Fri, Aug 24, 2018 - Page 7 News List

Argentine senate approves search of Fernandez homes

AFP, BUENOS AIRES

The Argentine Senate on Wednesday authorized investigators to search three homes belonging to former Argentine president Cristina Fernandez, as part of the so-called corruption notebooks case.

Claudio Bonadio, the judge leading the investigation in the multi-million dollar bribery case, petitioned the Senate to partially lift Kirchner’s immunity to allow the residences to be searched.

As a senator, Fernandez enjoys congressional immunity from imprisonment, but not from prosecution.

However, all 67 senators present — including Fernandez herself — approved the partial lifting of that immunity to allow the searches as Bonadio seeks evidence that the leftist former president accepted millions of dollars in bribes from businesspeople in exchange for public works contracts.

In a fiery and defiant speech to the chamber, the 65-year-old said that the cases against her were politically motivated.

“If there was something missing to consecrate the political persecution going on in Argentina, it was this.... I am going to be the first elected senator to be searched,” Fernandez said.

Facing trial in several other corruption cases, she has previously accused Bonadio of carrying out “judicial persecutions” aimed at derailing a possible run for the presidency next year.

Senators reached their decision after several hours of debate.

Last week, the Senate was unable to muster a quorum to debate the request. However, this time, senators appeared set to favor the magistrate’s request from the start, with Fernandez herself giving an indication that she would bow to the seemingly inevitable.

She told lawmakers in a letter that she was willing to allow searches of her homes in Buenos Aires, Santa Cruz and El Calafate, on condition that they did not allow the searches to be filmed or photographed.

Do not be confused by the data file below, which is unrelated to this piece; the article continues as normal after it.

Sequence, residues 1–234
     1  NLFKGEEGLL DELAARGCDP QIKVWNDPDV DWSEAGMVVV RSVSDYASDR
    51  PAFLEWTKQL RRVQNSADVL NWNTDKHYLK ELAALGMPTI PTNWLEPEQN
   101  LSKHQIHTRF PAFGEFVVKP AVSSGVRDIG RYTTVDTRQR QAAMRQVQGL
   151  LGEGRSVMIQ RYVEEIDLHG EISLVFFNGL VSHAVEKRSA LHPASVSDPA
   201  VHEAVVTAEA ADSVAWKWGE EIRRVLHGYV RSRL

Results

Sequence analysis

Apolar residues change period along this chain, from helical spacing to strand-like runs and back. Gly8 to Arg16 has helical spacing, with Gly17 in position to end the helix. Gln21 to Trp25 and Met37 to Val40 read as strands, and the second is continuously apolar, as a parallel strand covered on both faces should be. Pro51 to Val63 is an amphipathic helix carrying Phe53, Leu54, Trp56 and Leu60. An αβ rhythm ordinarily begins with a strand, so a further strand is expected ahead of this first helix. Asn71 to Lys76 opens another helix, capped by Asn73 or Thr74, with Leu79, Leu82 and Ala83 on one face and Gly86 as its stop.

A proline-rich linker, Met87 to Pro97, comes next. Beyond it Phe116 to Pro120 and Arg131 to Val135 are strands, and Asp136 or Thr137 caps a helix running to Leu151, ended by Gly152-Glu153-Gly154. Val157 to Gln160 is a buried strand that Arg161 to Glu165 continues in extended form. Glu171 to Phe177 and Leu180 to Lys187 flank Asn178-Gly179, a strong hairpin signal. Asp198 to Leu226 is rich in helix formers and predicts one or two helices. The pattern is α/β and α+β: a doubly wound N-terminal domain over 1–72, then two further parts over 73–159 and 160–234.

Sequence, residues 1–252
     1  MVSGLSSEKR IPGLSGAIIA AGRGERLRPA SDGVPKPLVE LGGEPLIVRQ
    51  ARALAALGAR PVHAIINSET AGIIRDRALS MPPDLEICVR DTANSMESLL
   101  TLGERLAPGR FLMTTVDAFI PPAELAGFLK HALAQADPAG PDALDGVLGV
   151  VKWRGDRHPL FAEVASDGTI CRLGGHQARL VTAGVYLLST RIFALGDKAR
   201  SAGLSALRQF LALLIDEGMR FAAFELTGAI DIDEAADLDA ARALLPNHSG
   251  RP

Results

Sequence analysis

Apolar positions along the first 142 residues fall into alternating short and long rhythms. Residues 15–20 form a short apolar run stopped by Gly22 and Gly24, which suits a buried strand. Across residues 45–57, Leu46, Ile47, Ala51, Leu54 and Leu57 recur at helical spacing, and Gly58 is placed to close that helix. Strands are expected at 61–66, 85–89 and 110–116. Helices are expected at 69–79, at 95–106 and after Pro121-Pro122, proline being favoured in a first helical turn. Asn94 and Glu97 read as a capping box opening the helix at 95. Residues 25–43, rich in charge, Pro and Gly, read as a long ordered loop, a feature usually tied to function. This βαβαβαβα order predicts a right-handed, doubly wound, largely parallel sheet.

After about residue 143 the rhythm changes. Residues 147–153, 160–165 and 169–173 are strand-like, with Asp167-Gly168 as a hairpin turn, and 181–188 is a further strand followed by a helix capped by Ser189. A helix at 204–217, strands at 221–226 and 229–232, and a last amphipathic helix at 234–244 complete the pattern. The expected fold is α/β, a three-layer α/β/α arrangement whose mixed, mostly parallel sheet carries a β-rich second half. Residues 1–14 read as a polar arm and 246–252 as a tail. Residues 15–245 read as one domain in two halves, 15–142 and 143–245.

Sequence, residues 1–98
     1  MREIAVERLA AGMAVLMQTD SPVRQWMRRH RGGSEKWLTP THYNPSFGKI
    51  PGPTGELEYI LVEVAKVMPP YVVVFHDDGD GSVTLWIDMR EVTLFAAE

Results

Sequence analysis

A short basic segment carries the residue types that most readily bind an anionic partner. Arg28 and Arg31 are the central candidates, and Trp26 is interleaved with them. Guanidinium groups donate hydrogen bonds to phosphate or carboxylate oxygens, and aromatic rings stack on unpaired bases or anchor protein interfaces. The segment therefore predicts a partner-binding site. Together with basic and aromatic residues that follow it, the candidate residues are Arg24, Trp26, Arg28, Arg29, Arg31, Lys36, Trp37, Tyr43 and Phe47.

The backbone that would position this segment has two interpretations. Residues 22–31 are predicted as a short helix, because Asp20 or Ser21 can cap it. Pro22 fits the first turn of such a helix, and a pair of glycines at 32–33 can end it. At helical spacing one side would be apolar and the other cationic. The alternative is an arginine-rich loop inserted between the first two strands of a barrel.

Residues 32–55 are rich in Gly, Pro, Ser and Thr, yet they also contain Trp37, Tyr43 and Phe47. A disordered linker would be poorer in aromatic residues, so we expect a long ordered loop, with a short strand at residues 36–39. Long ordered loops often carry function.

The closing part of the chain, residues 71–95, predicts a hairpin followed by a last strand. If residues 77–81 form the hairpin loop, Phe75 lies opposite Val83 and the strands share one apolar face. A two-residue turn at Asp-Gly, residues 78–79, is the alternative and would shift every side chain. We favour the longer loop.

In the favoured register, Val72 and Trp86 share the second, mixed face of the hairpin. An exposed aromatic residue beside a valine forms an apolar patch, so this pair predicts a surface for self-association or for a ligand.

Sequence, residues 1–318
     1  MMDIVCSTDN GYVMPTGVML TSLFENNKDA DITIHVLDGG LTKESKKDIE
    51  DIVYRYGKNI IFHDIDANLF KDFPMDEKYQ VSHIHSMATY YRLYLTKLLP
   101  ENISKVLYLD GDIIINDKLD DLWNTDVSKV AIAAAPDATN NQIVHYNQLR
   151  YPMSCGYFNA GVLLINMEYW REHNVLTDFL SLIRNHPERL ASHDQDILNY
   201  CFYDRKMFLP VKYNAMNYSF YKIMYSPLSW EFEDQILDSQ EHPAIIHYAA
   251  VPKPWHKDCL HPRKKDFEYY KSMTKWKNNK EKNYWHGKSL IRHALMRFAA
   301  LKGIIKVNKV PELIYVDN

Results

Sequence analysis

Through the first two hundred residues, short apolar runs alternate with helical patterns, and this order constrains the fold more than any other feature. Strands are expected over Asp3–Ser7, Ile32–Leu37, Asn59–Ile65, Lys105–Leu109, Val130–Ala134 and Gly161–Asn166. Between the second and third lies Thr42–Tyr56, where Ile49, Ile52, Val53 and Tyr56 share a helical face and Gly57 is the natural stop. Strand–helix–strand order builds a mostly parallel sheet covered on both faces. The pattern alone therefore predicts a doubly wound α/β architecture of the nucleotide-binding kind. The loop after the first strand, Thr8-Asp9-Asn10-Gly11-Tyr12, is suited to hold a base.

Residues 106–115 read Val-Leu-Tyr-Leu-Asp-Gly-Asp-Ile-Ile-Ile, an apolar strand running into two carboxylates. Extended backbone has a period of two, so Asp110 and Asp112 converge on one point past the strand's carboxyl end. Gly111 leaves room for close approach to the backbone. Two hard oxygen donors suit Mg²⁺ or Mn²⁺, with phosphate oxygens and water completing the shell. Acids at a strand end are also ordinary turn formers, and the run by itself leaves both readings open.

Eduardo Costa, from Argentine President Mauricio Macri’s center-right Cambiemos coalition, said that he would vote in favor of Bonadio’s request to allow him to move ahead with the case.

It was time “to repair the damage that corruption and officials do to the Argentine people,” Costa said.

Ana Almiron of Fernandez's Front for Victory party questioned “the purpose and the need for the search.”

“They are trying to cover up the truth of what’s happening in Argentina,” she said, alluding to an economic crisis that has forced Macri to agree to a US$50 billion IMF loan.

Thousands of people demonstrated outside the Argentine Congress building in Buenos Aires on Tuesday night, demanding that senators authorize the searches.

“Prison for Cristina,” protesters shouted, and also: “Give back the money.”

As the Senate debated on Wednesday, a handful of Fernandez’s supporters awaited the decision outside, waving pro-Kirchner banners. Another small group demonstrated nearby, demanding that lawmakers end her immunity.

More than a dozen elite businesspeople and former government officials were arrested after the La Nacion newspaper on Aug. 1 reported that millions in bribes were delivered by a ministerial chauffeur to Fernandez’s residences, both during her presidency and that of her late husband, Nestor Kirchner.

The driver’s meticulous records of the cash deliveries — allegedly payments from business leaders in exchange for public works contracts — form the basis of Bonadio’s investigation.

According to driver Oscar Centeno’s bombshell evidence, the family residence in Buenos Aires was the venue for the handover of millions of dollars in cash, with others taking place at the Casa Rosada presidential office and the Olivos official presidential residence.

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